Note: PDF of full volume downloadable by clicking on title above (26 MB). Selected individual chapters available from the links below. CONTENTSINTRODUCTION MATHEMATICAL FOUNDATIONS1 The morphology of prex—an essay in meta-algorithmics. J. LAS KS 32 Program schemata. M. S. PATE RSON 193 Language definition and compiler validation. J. J. FLORENTIN 334 Placing trees in lexicographic order. H. I.S COINS 43 THEOREM PROVING5 A new look at mathematics and its mechanization. B. M ELTZER 636 Some notes on resolution strategies. B. MELTZER 717 The generalized resolution principle. J. A. ROBINSON 778 Some tree-paring strategies for theorem proving. D.LUCKHAM 959 Automatic theorem proving with equality substitutions andmathematical induction. J. L. D ARLINGTON 113 MACHINE LEARNING AND HEURISTIC PROGRAMMING10 On representations of problems of reasoning about actions.S.AMAREL 13111 Descriptions. E.W.ELCOCK 17312 Kalah on Atlas. A.G.BELL 18113 Experiments with a pleasure-seeking automaton: J. E. DORAN 19514 Collective behaviour and control problems. V.I.VARSHAVSKY 217 MAN—MACHINE INTERACTION15 A comparison of heuristic, interactive, and unaided methods ofsolving a shortest-route problem. D.MICHIE, J. G. FLEMING andJ. V.OLDFIELD 24516 Interactive programming at Carnegie Tech. A.H.BOND 25717 Maintenance of large computer systems—the engineer's assistant.M.H.J.BAYLIS 269 COGNITIVE PROCESSES: METHODS AND MODELS18 The syntactic analysis of English by machine. J.P.THORNE,P.BRATLEY and H.DEWAR 28119 The adaptive memorization of sequences. H.C.LONOUETHIGGINSand A.ORTONY 311 PATTERN RECOGNITION20 An application of Graph Theory in pattern recognition.C.J.HILDITCH 325 PROBLEM-ORIENTED LANGUAGES21 Some semantics for data structures. D. PARK 35122 Writing search algorithms in functional form. R.M.BURSTALL 37323 Assertions: programs written without specifying unnecessaryorder. J.M.FOSTER 38724 The design philosophy of Pop-2. R.J.POPPLESTONE 393 INDEX 403 Machine Intelligence Workshop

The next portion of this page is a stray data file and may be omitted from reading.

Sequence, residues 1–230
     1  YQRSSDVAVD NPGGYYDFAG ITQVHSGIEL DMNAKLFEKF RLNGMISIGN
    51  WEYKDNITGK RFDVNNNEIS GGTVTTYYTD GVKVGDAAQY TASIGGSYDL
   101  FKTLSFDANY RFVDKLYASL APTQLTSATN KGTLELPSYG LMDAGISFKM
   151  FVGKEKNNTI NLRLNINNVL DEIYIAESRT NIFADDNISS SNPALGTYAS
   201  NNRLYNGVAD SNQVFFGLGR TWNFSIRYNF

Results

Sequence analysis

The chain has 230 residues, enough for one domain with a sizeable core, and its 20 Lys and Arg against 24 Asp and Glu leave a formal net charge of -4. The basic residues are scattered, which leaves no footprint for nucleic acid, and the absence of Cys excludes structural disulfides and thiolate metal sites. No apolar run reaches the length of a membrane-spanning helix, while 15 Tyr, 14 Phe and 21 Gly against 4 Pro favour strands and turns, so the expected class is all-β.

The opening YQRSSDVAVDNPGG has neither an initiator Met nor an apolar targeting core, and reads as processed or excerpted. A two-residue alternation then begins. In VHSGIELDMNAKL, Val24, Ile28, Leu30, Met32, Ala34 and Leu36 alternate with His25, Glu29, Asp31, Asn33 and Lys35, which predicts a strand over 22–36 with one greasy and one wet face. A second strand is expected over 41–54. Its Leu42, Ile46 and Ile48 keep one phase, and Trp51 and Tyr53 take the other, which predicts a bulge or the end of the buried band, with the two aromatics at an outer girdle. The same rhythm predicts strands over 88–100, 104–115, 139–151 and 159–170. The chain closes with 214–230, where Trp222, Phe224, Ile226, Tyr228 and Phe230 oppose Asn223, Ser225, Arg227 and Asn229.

Using the methods demonstrated in this paper, a robot with an unknown sensorimotor system can learn sets of features and behaviors adequate to explore a continuous environment and abstract it to a finitestate automaton. The structure of this automaton can then be learned from experience, and constitutes a cognitive map of the environment.
We provide a method, based on the theory of Markov decision problems, for efficient planning in stochastic domains. Goals are encoded as reward functions, expressing the desirability of each world state; the planner must find a policy (mapping from states to actions) that maximizes future rewards. Standard goals of achievement, as well as goals of maintenance and prioritized combinations of goals, can be specified in this way. An optimal policy can be found using existing methods, but these methods are at best polynomial in the number of states in the domain, where the number of states is exponential in the number of propositions (or state variables). By using information about the starting state, the reward function, and the transition probabilities of the domain, we can restrict the planner's attention to a set of world states that are likely to be encountered in satisfying the goal. Furthermore, the planner can generate more or less complete plans depending on the time it has available. We describe experiments involving a mobile robotics application and consider the problem of scheduling different phases of the planning algorithm given time constraints.